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Bruce Vanderveen  

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  • The End of Gold, Part Three [View article]
    I like this article. Good points, presented in a reasoned, humorous manner. I do own a couple of 1 oz gold coins for fun. They are pretty, and a good conversation piece.

    I never knew that a "bad bank" could be so bad. BTW I bought the domain recently. Make me a good offer and I may sell it. Don't want to sell the gold coins though.
    Feb 11, 2009. 11:55 AM | 1 Like Like |Link to Comment
  • Key Reasons to Be a Dollar Bull [View article]
    Here are two more reasons why I think the US will stop trying to re-inflate after a certain point:

    1) Unlike Zimbabwe we do not have a dictatorship. Congress will hem, haw, debate and delay the bailouts. They will reluctantly agree to some, delay and turn down others. Priority will go to keeping the banking system functional, Others? Good luck! 2) The more the US prints money the greater we risk a sovereign credit collapse. The Chinese and others will stop buying and start selling US treasuries. Long term interest rates will rocket up. That will really kill the economy!.

    I am trusting that we can see that the economic consequences of collapsing companies is far less horrendous than the economic collapse of the US itself. No one wants a Zimbabwe like experience. The liquidation of debts by bankruptcy is the better, though hard, choice.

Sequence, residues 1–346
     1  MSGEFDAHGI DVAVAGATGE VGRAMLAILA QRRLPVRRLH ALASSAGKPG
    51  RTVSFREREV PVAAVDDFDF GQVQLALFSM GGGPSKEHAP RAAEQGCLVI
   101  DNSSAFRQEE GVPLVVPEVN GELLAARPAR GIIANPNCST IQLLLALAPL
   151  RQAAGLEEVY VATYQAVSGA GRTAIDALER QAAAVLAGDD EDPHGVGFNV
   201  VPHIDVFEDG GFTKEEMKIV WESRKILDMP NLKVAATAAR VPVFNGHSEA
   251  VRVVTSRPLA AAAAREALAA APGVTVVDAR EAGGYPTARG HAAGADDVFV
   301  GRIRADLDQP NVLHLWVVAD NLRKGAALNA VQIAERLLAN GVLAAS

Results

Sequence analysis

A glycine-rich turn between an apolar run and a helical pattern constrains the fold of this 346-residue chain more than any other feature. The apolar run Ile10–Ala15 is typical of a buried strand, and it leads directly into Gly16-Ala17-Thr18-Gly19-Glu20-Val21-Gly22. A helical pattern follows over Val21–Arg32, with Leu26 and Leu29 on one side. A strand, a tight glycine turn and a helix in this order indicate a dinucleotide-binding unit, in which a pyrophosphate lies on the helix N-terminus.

On Feb 06 09:13 AM SW Richmond wrote:

    > Thanks for volunteering to be the dollar bull. I am searching (so
    > far in vain) for answers to some questions; maybe you could help
    > me out? I'm not bashing your article or your premise, I genuinely
    > want to know how you think these issues can be resolved.
    > Here's a cut-and-paste of a previous reply to another SA dollar-bull
    > article. I would truly appreciate your thoughts.
    > "Maybe I can get this author to explain why they will stop trying
    > to reflate? In the face of vastly reduced tax revenues, many US states
    > are beginning to flirt with BK. States cannot print. The US is similarly
    > faced with both mounting debt (and the mounting debt service to go
    > along with it) and reduced tax revenues.
    > Someone please offer me a rational explanation as to why this situation
    > will be allowed to continue, why at some point the central banks
    > and treasuries of the world will say 'it's not working, so screw
    > it' and how it will be resolved in a deflationary environment.<br/>...
    > What will happen to the debt?
    > How will it be paid?
    > If it is not paid, what happens to currencies in national defaults?
    > If you believe there will be a deflationary spiral and still no default,
    > how will the defaults be avoided? Where will money come from to service
    > debt?"
    Feb 6, 2009. 04:43 PM | 1 Like Like |Link to Comment
  • Thinking the Impossible: Could Bank of America Go to Zero? [View article]
    Thanks to everyone who commented. I was hoping to stimulate a discussion of the bank balance sheets and wanted to get all view points.

    I think a lot of us would like to understand the derivative factor better. Do the huge derivative contract positions on the balance sheets just zero out. Or, do they hold the potential to bring these banks down? I'm afraid the later is the answer, but would be happy to see evidence otherwise.